For example, the interlinking of lakes in Ahmedabad, one of the smart cities, was started in 2005 after the major floods in 2002-03. In 2005 the municipality decided to get the water supply through pipes from the Sabarmati River. Over time the development of the storm water management system led to interconnecting the lakes and thus excess water flows from one lake to the other which started the interlinking lakes project.
Activities like extension of roads, building percolation wells on lakebed for groundwater recharge, desilting of lakes, increasing green spaces around the lake were undertaken. The environmental impact of this project was development of flood resilience, reduced flooding, increased storage capacity, significant increase in green spaces, development of lake gardens among others The case study of Ahmedabad highlights an appropriate approach towards water management (Bose and Patel, n.d.).
In Singapore plans were developed where the green cover increased from 36% in 1986 to 47% in 2007 with programs like ABC Waters, Ecosystem based Adaptation, etc. were adopted to keep green blue as the centre of planning.
The Active, Beautiful, Clean Waters (ABC Waters) Programme was launched in 2006 by the Public Utilities Board (PUB), the National Water Agency of Singapore, through the Centre for Liveable Cities with objective to improve water quality, and enhance liveability. The nature-based solutions did reap societal benefits which learnt that the catchment area is important in city planning (Convention on Biological Diversity).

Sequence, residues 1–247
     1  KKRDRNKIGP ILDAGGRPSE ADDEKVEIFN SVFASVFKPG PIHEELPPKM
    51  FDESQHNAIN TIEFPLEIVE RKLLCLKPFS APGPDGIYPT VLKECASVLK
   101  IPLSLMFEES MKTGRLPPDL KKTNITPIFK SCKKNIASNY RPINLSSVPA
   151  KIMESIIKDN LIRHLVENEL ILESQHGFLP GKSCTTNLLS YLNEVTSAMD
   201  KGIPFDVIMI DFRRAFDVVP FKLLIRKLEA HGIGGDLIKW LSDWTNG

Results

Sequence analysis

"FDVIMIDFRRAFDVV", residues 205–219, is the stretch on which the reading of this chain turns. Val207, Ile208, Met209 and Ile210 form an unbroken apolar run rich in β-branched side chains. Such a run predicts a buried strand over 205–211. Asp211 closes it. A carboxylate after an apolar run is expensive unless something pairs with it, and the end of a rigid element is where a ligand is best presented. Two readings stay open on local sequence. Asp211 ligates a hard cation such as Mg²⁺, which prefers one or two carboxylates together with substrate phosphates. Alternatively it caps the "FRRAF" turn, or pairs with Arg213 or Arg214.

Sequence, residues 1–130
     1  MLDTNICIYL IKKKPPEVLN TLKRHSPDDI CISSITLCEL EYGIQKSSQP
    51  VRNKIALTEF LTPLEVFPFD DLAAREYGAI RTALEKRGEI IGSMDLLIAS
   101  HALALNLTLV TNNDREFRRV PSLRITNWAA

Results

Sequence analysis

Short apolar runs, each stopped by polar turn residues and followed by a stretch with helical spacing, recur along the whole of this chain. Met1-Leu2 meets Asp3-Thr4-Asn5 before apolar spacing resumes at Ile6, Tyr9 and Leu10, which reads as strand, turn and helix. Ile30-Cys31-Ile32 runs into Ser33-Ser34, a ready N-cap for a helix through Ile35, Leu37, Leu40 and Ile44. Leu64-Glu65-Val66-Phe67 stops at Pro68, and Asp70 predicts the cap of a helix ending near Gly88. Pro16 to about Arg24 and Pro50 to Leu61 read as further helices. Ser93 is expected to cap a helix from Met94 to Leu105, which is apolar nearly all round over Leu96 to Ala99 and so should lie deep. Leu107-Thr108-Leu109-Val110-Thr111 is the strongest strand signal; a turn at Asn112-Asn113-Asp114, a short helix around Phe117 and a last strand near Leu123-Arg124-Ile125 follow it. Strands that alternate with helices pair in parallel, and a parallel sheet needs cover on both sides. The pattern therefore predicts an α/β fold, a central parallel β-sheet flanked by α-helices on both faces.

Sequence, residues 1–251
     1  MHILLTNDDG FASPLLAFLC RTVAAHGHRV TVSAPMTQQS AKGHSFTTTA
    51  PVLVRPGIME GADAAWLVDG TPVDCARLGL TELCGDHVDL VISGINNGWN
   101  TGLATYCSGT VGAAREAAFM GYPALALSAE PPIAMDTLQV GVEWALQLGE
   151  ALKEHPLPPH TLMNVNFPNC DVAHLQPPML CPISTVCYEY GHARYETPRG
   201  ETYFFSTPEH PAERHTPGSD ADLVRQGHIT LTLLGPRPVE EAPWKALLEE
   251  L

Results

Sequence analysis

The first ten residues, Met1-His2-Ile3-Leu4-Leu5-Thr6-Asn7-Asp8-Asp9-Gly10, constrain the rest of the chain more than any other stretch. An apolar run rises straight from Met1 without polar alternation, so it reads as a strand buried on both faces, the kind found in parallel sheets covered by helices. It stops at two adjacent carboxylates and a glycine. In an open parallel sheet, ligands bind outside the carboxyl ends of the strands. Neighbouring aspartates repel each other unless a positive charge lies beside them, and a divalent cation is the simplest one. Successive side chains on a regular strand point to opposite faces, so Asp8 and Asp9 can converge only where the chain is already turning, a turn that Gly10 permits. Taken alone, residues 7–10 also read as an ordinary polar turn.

Hari Dilip Kumar focussed on the drivers in creating the water data, even as assessing whether it is being done for getting societal approval or mandatory requirements. Ironically, even the Ministry of Housing and Urban Affairs which initiated the smart cities program in the country does not provide a one liner definition of smart cities.
The idea is subjective and in crux can be referred to as something which creates sustainable development outcome. There is a lot of data but what does it narrate and what informed interventions can be adopted are some pointers that need to be addressed while assessing water concerns in urban areas.